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Recognized by:
various (see standard)
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Good with kids:
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The Persian is an ancient breed, which appeared as the result of natural mutation in the Mesopotamian region. Its gorgeous, fine coat, charming face and stable disposition earned it the status of one of the most popular feline variety. Despite its serious grooming requirements and quite a few health concerns this cat possesses sizeable and loyal following all over the world.

Photo: © Silver Angel Kennel


The Persian is a natural breed whose distinctive appearance was initially shaped by Mother Nature. This cat thrived for centuries in Mesopotamia, which was later called Persia and is today modern Iran. Pietro Della Valle, Italian aristocrat and avid traveller, came across this breed in one of his journey and was absolutely fascinated by its striking beauty. He brought first grey longhaired Persians to Europe in 1626.

Until the late XIX century, all longhaired cats imported from Turkey, Afghanistan and other distant counties were referred as «Asiatic» cats and were oftentimes interbred. The situation changed when cat shows grew exceedingly popular. For example, at the Crystal Palace Cat Show in 1871, the Persian had already been introduced as a separate feline variety. Queen Victoria kept several breed members, which further favoured its promotion as a family pet.

Thanks to the selective breeding, cat fanciers gradually formed the appearance of the modern-day Persian. They developed the cats with sturdy physique and wide range of colours, including bi-colour. Presently there are two types of this breed, show and traditional.

Traditional specimen possesses less flattened face than the show Persian and resembles an early version of the breed, but both varieties have equally biddable disposition. The first Persians found its way to the United States in the second half of XIX and quickly deserved wide appreciation as a pet. Actually today it is the one of the most popular cat recognised by the Cat Fanciers Association.


The Persian is well-known for its dignified bearing and calm and stable disposition. It can adorn any home with its presence and can be described as a classical lap cat since it likes nothing more than to be petted by it master. It will shower with love every person who is clever enough to acknowledge its superior qualities. This cat gets along with well-mannered children and enjoys their company as long as they don’t try to involve it into too boisterous games. The breed member is usually accepting of other pets in the house and will be on friendly terms with a non-aggressive dog.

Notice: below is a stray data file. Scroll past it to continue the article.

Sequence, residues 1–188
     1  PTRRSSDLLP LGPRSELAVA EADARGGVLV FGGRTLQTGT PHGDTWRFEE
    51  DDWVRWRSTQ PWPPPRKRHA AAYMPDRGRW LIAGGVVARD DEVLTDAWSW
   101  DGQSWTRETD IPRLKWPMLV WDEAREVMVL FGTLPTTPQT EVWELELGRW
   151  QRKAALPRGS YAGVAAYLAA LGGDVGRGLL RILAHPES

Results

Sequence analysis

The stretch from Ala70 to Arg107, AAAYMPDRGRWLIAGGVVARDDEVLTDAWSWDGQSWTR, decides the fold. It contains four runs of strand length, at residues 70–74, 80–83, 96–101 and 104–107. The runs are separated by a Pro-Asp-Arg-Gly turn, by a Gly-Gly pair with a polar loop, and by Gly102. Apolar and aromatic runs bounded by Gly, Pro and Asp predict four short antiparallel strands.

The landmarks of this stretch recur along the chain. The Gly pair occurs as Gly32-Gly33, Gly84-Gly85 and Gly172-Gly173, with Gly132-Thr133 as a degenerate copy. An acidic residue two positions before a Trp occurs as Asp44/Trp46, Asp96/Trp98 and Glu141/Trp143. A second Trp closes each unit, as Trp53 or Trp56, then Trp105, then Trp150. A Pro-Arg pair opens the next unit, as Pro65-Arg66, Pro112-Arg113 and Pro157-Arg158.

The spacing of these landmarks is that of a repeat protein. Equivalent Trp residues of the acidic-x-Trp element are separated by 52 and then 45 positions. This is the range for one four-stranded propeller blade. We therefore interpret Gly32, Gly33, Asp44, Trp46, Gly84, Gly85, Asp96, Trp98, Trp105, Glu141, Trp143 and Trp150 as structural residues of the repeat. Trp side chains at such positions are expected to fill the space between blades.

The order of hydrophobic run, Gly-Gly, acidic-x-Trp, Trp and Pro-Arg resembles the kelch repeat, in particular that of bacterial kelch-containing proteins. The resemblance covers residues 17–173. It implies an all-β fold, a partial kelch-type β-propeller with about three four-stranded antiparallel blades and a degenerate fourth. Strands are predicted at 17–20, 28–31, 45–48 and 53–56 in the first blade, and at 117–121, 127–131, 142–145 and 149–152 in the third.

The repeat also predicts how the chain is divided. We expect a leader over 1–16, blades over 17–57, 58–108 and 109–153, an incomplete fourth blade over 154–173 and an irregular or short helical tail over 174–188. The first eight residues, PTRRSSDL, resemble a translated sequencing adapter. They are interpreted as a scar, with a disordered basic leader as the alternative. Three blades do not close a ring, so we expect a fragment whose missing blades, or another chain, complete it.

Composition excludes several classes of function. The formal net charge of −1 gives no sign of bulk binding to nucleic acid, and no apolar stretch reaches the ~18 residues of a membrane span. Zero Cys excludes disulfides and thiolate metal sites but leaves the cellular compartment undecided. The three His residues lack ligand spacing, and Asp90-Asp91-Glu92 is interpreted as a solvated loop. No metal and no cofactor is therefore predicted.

The Persian prefers to live in a stable and peaceable environment and tends to become upset by every miner change in its daily routines. This cat communicates its wishes in a quiet and soft voice but won’t bother the master with too much talking. It will be completely satisfied with a little daily playtime with interactive toys. At the same time this smart and inquisitive cat is notable for excellent trainability and will be happy to exercise its busy brain.

The Persian is a sedate cat and won’t damage your furniture or curtains in your absence. It likes to manage its domain from the floor or supervise the activities of its master from more attainable chair or sofa. Appealing appearance and even, calm disposition make the Persian a perfect pet for sedentary families, which are ready to put up with its high grooming requirements and some health issues.

Health Problems

The most common problems for the breed include:

· breathing difficulty or noisy breathing;

· dental malocclusions;

· excessive tearing;

· eyes problems;

· heat sensitivity;

· polycystic kidney disease;

· predisposition to ringworm;

· seborrhea oleosa.


The grooming of the Persian is fairly time-consuming. Its dense and long coat needs daily thorough brushing, which will help it to stay matts-free and tidy. This breed also needs regular bathing preferably once a month. The Persian is very particular about its bathroom hygiene so it’s essential to keep is litter box perfectly clean.

This breed is prone to excessive tearing so itsmaster should regularly wipe the area around its eyes with soft tissue toprevent ugly stains from developing. It’s recommended to brush the cat’s teethon a daily basis although weekly brushing is also a reasonable alternative. Rememberto trim the cat’s nails every other week as well as check and clean its ears.